By Dr Subramaniam Nagasayi, Consultant Care of Elderly, Withybush General Hospital

Parkinson’s Advanced MasterClass 36A, November 2019


Hywel Dda University Health Board (UHB) consists of four district general hospitals serving South-west Wales, historically each with its own movement disorder services. Patients with suspected movement disorders including Lewy body dementia are referred predominantly to geriatricians but sometimes to neurologists and old age psychiatrists based on the pre-dominant symptoms at presentation.

The diagnosis of parkinsonism, is predominantly clinical, based on Brain bank criteria. However 123I FP CIT single photon emission computed tomography (SPECT/) or dopamine uptake scans (DAT) are used in uncertain situations to differentiate parkinsonism syndromes and LBD from other dementias.

With recent pressures in the health board due to a variety of factors such as retirements of consultants, PD nurse specialists, failure of recruitment etc there is a move to amalgamate movement disorder services. There has been a recent trend of DAT scans requested by generalist colleagues which has led to an increased number of referrals to the specialists based on positive DAT scans results rather than clinical criteria alone. This practice is not in concordance with NICE guidelines and leads to unnecessary variations of practice with increased costs and false positive diagnosis.

This retrospective study would help us understand better, the current practice and thereby advise of necessary changes to be incorporated in standardization of practice across the health board.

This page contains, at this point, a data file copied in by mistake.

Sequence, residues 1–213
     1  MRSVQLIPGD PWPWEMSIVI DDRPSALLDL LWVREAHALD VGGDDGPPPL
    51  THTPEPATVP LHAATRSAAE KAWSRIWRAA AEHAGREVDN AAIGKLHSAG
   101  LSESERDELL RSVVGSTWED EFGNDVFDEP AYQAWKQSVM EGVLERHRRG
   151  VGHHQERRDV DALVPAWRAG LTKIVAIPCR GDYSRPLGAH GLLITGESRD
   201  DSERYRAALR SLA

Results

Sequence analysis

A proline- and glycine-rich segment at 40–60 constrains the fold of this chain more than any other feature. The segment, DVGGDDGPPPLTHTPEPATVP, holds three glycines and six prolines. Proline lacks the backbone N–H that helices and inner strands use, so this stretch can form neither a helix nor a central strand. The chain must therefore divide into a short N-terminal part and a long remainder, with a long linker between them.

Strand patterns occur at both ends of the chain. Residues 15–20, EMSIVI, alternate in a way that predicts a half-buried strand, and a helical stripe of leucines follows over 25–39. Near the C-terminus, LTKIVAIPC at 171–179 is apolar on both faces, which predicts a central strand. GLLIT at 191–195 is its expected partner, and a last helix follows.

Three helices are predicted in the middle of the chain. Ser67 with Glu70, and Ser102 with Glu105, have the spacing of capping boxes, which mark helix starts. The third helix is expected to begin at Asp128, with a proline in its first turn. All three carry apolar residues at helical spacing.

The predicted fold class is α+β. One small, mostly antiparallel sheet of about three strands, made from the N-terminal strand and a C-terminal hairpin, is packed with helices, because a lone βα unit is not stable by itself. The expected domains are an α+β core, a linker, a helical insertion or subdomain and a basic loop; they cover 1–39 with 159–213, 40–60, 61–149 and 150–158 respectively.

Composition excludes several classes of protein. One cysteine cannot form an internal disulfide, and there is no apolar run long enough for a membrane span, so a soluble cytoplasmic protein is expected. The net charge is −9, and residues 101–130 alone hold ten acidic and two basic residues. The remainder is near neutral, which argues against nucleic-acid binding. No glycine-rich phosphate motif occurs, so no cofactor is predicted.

DAT scan requests over 1 year June 2018 to June 2019 were reviewed:

  1. Number of DAT scans performed
  2. Who made the requests—movement disorder specialists OR generalists?
  3. What was the pre-DAT scan diagnosis?
  4. Did the DAT scans alter the diagnosis?


  1. There has been a 6-fold increase in DAT scan requests (period 2010-2019) at 111.
  2. Most are requested by movement disorder specialists (101- 90%). However 10%were requested by non-specialists.
  3. 14/111 requests did not match NICE guidelines and 3/111 were rejected due to poor patient tolerance.
  4. In 77 patients (~70%), diagnosis and hence management did not change.
  5. We presented the data in our regional PD group meeting with plans for consideration of separate DAT request forms, update nuclear medicine list of movement disorder specialists in the health board, patient information leaflet pre-scan and education.

We wish to improve referral system and timing for new PD patients which may reduce unnecessary DAT scan referrals. We wish to undertake a re-audit in a year’s time after implementing above changes.